We've all been there: sitting at our desk post-lunch, and we suddenly feel a food fragment in between one of our teeth. No floss at hand, but our fingernails are available. That'll do the trick, right?

This thought process is common, and the amount of objects that have been used by Americans to remove bits of food stuck in our teeth is pretty wild. According to a survey undertaken for Waterpik with consultation from the ADA of just over 1,000 adults, 61% stated they've used their fingernails to remove food from their teeth, while 40% used cards or folded paper. The objects get weirder as the survey continued, with 21% of people using cutlery, 14% using safety pins (no thanks), and 7% using hair. Yep. Hair.

Instead, "It's really easy to use clean and safe items on-the-go and at home — like string floss, dental picks and water flossers," states Dr. Brittany Seymour, assistant professor at Harvard School of Dental Medicine, and ADA spokesperson. "If you're not sure, start by looking for products with the ADA Seal of Acceptance. That way, you know it's safe for your teeth and will get the job done, removing germs rather than introducing them."

Only using floss picks

Trying to navigate yards of dental floss just to get your teeth clean can be frustrating. That's why a floss pick could seem like the ultimate solution, and a simple way to get your teeth looking better than ever. Only using a floss pick, however, is something that way too many people do; and, what's more, it's all too easy to use them wrong.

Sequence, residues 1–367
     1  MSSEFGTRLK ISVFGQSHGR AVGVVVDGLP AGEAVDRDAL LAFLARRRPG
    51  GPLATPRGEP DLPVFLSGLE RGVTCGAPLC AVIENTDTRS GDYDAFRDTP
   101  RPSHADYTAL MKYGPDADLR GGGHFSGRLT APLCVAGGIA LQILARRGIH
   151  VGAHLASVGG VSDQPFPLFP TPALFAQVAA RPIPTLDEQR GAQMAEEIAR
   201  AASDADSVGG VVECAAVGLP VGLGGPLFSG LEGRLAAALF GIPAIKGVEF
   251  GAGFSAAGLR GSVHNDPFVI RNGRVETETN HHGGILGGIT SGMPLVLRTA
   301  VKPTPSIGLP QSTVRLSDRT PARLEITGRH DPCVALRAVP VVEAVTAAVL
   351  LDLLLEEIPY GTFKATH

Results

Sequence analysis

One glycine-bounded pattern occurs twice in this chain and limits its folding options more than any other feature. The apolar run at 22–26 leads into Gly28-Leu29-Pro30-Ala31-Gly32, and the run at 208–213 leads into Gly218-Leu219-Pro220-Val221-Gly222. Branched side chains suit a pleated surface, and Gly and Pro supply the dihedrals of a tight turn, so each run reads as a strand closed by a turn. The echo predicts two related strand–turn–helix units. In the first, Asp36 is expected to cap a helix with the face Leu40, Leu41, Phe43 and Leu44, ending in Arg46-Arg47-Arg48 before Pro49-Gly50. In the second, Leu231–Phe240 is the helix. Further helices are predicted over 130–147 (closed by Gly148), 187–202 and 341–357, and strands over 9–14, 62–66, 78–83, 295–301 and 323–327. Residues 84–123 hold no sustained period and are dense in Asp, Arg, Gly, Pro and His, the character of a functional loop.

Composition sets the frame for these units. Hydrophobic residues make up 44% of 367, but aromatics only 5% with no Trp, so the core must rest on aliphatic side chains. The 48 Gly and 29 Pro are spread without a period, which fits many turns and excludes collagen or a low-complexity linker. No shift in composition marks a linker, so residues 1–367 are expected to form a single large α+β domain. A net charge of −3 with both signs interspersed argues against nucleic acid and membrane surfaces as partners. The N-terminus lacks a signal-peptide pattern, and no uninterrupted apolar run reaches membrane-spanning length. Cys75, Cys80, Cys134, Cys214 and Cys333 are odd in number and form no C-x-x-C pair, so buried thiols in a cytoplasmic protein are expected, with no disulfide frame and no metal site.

"Most people don't even use the picks to their fullest potential [and instead] 'pop' them through the contacts and move on to the next space," states Dr. Irina Sinensky, of Dental House in NYC, to NBC News. This, unfortunately, is not a thorough enough clean for your teeth, with Sinensky advising that "It's the up-and-down cleaning motion of each root surface that is recommended" to properly dislodge plaque and give your teeth the attention they need. In addition to this, simply popping floss picks in and out can also spread bacteria from one location to another, particularly if you're using the same pick for multiple teeth. To avoid this, make sure you're using regular floss in your flossing routine, and use a fresh piece for each tooth.

Not flossing before you brush

Considering flossing to be something you do after brushing your teeth is a common mistake, and the opposite of what you should be doing. First off, flossing before brushing makes the whole purpose of flossing (to get rid of plaque) more effective, according to Boston University dentistry professor Jyoti Sonkar, MSD (via Insider). "I prefer to suggest flossing first because doing so loosens up plaque and deposits in between the teeth that you can then brush away," Sonkar states.

Flossing before brushing also increases the efficacy of the fluoride in your toothpaste, which is only able to work properly on your teeth to strengthen them if it comes into direct contact with the tooth itself. By removing plaque with dental floss before brushing, you give the substance more surface area to work with. There's not only a correct time to floss in your tooth-cleaning routine, but there's also an ideal time to do it in your day: for the best results, floss before bed, says Magnolia Dental. This is due to saliva production reducing in sleep, meaning your teeth are less protected. Flossing and brushing with a toothpaste containing fluoride before you go to sleep, therefore, means your teeth stay safe from bacteria overnight.